• Do not squish the tick, because you could get infected with their diseases by doing this.
  • To dispose of the tick, make sure it is dead by drowning it in alcohol or soapy water, put it in between a piece of tape or place it in a plastic bag.

The most important thing is to get the tick off your body as soon as possible. This why you don’t want to try some popular methods like suffocating it with petroleum jelly or nail polish.

Also, their secretions that cause you to get sick are stored in the back of their bodies. Using the well-known, but misinformed, matchstick method where you light a match, blow it out, then burn the tick with it, could cause the tick to release their secretions into your skin even if they haven’t already.

Tick Borne Diseases and Symptoms

Most ticks will not cause you any harm. But if you want to be sure, you can get your tick tested for any possible diseases. If it does come back positive for carrying a disease then it would be wise to see a doctor or watch for symptoms. However, many people will get sick before testing comes back. If that happens, please see a doctor right when symptoms appear.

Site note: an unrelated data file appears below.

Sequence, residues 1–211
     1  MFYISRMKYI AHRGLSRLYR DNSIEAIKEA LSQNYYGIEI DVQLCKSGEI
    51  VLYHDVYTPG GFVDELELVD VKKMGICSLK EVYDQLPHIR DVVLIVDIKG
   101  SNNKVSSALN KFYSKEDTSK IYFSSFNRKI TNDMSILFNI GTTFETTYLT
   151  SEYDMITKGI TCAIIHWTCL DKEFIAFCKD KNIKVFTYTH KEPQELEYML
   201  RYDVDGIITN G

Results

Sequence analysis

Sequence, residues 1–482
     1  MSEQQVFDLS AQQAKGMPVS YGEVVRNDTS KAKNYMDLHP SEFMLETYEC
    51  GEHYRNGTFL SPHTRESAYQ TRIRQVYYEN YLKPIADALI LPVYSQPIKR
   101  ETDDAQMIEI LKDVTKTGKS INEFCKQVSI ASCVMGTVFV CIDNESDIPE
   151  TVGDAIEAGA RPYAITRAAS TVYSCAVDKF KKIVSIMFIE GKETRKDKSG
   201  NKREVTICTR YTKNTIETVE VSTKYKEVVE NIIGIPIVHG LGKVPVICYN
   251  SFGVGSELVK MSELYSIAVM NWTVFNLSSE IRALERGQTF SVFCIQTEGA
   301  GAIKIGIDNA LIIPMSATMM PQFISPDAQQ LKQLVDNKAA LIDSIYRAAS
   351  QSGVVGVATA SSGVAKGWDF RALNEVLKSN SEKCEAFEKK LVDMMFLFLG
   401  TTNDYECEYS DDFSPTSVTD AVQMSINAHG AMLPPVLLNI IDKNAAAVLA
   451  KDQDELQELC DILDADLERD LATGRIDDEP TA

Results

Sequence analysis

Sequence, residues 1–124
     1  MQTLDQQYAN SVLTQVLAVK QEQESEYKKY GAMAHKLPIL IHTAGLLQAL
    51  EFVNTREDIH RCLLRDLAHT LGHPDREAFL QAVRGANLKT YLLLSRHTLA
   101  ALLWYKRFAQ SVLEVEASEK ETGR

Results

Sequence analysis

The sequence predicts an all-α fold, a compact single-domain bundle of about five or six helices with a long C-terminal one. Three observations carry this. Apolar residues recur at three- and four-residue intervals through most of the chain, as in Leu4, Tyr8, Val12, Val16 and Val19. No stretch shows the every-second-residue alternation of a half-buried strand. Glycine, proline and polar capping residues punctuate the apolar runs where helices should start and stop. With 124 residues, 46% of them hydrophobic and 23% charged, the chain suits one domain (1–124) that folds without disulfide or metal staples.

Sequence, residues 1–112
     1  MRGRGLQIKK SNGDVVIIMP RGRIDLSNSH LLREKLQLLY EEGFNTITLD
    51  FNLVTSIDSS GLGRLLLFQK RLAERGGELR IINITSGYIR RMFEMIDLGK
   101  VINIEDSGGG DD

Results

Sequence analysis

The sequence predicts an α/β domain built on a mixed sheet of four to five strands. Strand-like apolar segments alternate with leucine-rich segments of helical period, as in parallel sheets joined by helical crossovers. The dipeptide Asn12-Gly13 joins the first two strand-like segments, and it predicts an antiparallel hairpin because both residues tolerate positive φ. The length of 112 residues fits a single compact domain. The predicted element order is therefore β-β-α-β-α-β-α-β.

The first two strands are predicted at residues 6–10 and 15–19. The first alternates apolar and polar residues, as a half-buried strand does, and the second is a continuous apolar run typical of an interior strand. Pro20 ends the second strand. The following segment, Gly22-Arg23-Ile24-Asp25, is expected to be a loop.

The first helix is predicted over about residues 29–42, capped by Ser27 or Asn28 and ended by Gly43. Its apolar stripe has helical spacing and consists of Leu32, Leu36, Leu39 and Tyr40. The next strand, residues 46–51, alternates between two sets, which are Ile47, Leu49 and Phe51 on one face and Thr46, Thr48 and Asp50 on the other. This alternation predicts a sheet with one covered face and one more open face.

There are nearly 900 species of ticks carrying a whole bunch of diseases, however, only a few species are known to carry diseases in humans. Check out this map from the CDC to see the ticks that might be found in your area and the diseases they carry.

In addition to lots of tick species, there are over a dozen tick diseases that can be contracted by humans. The most known and problematic diseases are Lyme disease, Rocky Mountain Spotted Fever, Colorado tick fever, tularemia, ehrlichiosis , and tick-induced paralysis.  Look for these symptoms, and seek medical attention if any symptoms arise: